Meteorite Reveals Martian Secrets
November 21, 2013

Examination Of Martian Meteorite Reveals Clues To Mars’ Ancient Past

April Flowers for - Your Universe Online

A new study has uncovered what may be the first recognized example of ancient Martian crust.

The findings, published in Nature, are the work of Munir Humayun of Florida State University. His work is based on an analysis of a 4.4 billion-year-old Martian meteorite unearthed by Bedouin tribesmen in the Sahara desert. The rock, designated NWA 7533, might be the first recognized sample of ancient Martian crust and holds a wealth of information about the origin and age of Mars' crust.

Humayun, a professor in FSU's Department of Earth, Ocean and Atmospheric Science and a researcher at the National High Magnetic Field Laboratory (MagLab), and his collaborators performed complex analysis on the meteorite using an array of highly sophisticated mass spectrometers in MagLab's geochemistry department in order to detect minute amounts of chemicals.

"This cratered terrain has been long thought to hold the keys to Mars' birth and early childhood," Humayun said.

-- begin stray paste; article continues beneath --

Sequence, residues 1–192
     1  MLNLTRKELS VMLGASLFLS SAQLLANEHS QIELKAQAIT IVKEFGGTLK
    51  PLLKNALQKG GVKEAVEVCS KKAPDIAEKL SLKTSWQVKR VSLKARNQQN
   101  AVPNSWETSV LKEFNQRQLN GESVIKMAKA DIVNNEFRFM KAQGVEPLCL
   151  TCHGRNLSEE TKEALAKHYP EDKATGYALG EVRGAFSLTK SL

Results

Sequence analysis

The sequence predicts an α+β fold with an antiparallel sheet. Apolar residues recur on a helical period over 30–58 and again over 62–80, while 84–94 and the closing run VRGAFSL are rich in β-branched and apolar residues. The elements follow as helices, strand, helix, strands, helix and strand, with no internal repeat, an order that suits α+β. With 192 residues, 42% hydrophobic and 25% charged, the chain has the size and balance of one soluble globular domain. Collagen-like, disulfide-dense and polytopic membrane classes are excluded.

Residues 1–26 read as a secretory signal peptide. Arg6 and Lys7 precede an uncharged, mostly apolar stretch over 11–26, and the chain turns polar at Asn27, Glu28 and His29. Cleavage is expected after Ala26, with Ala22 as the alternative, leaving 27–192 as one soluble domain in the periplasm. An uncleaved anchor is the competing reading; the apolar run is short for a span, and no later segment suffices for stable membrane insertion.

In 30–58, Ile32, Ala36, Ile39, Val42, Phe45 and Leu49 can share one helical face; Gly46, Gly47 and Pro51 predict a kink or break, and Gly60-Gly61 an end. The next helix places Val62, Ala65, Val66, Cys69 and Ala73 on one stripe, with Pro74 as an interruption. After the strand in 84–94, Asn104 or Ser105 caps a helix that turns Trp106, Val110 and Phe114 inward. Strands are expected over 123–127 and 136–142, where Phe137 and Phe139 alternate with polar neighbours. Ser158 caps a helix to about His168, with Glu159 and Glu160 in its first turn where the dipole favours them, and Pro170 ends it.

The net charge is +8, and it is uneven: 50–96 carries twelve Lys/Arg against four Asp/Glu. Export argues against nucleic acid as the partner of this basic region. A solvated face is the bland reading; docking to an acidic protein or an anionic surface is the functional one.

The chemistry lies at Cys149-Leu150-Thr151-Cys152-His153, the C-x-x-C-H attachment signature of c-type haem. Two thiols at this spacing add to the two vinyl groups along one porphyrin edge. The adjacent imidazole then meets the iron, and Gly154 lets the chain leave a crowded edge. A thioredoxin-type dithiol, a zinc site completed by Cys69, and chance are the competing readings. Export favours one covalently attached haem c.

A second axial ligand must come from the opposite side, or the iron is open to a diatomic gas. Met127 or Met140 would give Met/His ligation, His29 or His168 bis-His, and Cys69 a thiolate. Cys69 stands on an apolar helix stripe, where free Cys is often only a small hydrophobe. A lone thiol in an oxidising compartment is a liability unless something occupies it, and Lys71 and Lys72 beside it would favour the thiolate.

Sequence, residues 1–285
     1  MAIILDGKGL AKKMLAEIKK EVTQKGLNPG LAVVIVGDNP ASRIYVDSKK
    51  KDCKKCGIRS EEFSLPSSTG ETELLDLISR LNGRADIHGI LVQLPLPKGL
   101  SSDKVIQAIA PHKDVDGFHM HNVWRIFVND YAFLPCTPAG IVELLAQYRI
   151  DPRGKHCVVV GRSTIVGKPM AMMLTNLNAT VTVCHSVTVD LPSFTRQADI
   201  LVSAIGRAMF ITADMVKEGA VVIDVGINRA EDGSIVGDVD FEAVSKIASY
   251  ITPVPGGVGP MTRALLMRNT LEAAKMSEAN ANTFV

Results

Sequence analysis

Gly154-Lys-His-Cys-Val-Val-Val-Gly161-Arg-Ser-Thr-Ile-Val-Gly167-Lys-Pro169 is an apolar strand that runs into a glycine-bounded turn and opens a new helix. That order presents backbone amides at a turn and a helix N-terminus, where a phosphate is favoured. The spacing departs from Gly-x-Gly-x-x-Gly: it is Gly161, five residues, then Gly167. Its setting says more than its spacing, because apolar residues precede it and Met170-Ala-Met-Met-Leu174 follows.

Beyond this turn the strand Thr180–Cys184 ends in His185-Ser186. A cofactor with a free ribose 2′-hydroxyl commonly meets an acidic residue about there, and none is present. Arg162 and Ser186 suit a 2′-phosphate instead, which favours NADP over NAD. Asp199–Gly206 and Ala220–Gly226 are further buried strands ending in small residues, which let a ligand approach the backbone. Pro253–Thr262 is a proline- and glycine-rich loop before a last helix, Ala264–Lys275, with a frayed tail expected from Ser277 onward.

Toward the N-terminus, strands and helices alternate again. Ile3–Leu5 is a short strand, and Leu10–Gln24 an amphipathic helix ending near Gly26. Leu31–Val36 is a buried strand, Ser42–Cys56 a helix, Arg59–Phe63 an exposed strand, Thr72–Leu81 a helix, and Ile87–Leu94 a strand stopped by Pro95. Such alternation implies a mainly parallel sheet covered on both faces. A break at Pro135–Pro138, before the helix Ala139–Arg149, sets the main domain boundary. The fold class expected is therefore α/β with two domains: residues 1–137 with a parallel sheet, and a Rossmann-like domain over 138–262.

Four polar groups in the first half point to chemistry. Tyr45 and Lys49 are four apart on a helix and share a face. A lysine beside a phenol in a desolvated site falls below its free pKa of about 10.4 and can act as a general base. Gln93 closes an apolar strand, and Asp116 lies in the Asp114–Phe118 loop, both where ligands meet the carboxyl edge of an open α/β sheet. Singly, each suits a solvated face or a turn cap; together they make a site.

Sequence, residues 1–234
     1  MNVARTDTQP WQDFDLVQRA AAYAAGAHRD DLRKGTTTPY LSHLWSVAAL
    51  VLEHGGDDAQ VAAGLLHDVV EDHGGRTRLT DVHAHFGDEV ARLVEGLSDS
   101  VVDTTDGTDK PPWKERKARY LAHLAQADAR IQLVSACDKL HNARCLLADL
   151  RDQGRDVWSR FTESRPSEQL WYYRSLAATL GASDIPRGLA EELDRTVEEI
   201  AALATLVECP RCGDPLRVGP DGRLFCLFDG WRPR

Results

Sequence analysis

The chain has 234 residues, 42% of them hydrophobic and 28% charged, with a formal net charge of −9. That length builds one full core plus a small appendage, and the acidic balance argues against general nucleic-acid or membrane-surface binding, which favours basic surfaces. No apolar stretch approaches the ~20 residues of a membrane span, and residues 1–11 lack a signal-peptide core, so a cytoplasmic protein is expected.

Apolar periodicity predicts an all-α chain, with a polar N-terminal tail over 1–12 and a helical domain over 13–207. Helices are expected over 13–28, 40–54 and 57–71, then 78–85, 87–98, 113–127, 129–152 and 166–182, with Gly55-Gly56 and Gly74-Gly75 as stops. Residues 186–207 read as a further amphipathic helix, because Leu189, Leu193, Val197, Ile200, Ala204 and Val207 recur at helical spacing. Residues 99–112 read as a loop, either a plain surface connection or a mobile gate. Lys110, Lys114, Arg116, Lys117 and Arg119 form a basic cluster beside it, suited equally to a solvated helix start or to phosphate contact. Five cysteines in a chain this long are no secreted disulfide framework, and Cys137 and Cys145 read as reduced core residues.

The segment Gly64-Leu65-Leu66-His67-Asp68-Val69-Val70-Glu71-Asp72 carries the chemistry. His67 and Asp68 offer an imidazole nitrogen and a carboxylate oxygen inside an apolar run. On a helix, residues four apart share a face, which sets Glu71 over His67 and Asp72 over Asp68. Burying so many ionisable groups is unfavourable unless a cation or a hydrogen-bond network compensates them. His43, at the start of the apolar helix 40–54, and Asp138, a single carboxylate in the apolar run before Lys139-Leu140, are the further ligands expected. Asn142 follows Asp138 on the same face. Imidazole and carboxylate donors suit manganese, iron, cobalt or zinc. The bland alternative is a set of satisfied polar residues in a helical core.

Although Mars' surface is more than half covered in craters, this is the first meteoric sample to come from this area. It is also the first time scientists have been able to understand the Red Planet's early crustal growth.

The research team was able to calculate the thickness of the Martian crust using chemical information found in pieces of soil contained within the meteorite. The findings of this analysis aligned with estimates obtained from independent spacecraft measurements, confirming that Mars did not experience a giant impact that melted the entire planet in its early history.

The team used a powerful microprobe at Curtin University in Perth, Australia to date special crystals within the meteorite — called zircons — at an astounding 4.4 billion years old.

"This date is about 100 million years after the first dust condensed in the solar system," Humayun said. "We now know that Mars had a crust within the first 100 million years of the start of planet building, and that Mars' crust formed concurrently with the oldest crusts on Earth and the Moon."

The scientists hypothesize that these trailblazing discoveries are just the beginning of what continued research will uncover. Humayun says that future studies may reveal more clues about the impact history of Mars, the nature of Martian zircons and the makeup of the earliest sediments on the Red Planet.